• Think of pandemic as a long rainstorm — and your coping is your rain gear.

Faculty/Staff 

  • When confronted with the physiological “fight or flight” mechanism — in yourself or with students — first get the physical reaction under control, reframe the emotion, then combat the anxious thoughts.
  • Encourage girls to be as specific, if possible, when they’re feeling overwhelmed.
  • Practice and reinforce positive coping mechanisms, including social connections, happy distractions (TV, run in nature, etc), self-care, and caring for others.
  • If you’re confronting a meltdown, engage in some helpful steps:
    • Listen earnestly, without interrupting
    • Offer sincere empathy
    • Validate distress
    • Support positive coping
    • Express non-dismissive confidence
    • Offer to help problem solve
    • Divide the problem into two categories: things that you can change/control, and things that cannot be changed/are beyond your control.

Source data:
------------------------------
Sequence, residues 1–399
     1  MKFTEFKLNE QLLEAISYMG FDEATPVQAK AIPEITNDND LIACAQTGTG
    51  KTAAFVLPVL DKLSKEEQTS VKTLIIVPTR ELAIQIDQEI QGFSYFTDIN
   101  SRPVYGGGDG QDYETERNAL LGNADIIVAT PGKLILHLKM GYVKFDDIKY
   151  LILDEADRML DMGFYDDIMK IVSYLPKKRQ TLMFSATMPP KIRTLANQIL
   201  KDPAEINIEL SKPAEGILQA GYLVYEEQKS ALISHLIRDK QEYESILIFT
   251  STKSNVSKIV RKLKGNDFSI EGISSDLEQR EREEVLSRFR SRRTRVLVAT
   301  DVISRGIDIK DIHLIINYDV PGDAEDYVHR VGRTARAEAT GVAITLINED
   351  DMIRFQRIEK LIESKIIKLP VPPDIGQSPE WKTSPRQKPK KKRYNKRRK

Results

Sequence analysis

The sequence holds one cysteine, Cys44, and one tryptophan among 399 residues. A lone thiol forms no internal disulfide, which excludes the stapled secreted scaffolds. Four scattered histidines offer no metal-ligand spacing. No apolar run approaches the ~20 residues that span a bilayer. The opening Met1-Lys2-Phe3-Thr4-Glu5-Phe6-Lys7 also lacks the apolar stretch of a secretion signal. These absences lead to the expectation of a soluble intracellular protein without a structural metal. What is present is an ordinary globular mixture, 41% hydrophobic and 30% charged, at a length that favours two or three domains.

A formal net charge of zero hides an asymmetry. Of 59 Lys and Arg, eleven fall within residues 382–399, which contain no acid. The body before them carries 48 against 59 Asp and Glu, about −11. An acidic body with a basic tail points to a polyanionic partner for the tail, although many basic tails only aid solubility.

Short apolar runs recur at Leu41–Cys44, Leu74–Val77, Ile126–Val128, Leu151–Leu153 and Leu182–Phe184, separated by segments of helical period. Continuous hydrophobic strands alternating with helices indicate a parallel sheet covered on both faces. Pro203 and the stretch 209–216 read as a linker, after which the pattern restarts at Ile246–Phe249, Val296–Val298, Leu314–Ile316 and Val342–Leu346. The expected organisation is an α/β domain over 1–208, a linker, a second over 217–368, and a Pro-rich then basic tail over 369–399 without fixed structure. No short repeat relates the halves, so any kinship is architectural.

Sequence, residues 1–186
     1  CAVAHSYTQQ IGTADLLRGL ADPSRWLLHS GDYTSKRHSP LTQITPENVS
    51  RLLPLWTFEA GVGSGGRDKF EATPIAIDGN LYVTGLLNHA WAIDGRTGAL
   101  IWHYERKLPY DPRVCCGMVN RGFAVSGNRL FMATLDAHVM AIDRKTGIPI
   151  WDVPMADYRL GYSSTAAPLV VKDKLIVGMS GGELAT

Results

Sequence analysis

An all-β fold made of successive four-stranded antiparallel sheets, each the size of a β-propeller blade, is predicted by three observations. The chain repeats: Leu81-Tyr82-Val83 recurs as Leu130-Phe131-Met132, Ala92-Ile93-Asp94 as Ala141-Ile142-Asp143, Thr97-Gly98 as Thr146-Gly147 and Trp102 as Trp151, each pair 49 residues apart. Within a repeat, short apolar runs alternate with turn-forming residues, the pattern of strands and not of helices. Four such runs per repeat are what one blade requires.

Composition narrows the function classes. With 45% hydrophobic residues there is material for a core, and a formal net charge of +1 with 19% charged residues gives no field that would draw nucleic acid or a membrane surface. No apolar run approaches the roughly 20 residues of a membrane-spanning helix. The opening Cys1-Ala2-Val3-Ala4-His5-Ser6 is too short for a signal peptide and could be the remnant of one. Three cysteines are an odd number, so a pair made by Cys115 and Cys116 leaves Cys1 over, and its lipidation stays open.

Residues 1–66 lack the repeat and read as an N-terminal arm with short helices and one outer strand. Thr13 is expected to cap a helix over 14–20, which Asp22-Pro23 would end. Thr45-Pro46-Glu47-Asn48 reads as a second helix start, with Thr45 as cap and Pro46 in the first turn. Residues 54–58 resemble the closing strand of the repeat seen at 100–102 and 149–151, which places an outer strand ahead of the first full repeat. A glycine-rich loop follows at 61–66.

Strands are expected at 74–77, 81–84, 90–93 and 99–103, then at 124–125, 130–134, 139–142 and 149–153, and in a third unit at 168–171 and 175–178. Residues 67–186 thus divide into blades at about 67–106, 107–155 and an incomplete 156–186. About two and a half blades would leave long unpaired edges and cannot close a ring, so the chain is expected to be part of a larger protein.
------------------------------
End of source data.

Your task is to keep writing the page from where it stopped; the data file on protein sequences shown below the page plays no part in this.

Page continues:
• Brainstorm solutions to the things that can change.
    • Support acceptance of what cannot be controlled.
  • Help build a tolerance of discomfort in yourself and students.
  • Make a plan to keep yourself healthy, especially regarding sleep and nutrition

Parents

  • Engage in breathing, mindfulness, mediation, and other mechanisms that help calm any anxiety.
  • Calm any physical reaction to stress, then reframe your emotions and combat the anxious thoughts.
  • Address your or your daughter’s fears, if applicable, through graduated, safe exposure.
  • Encourage healthy habits for your family together – and engage in self-care.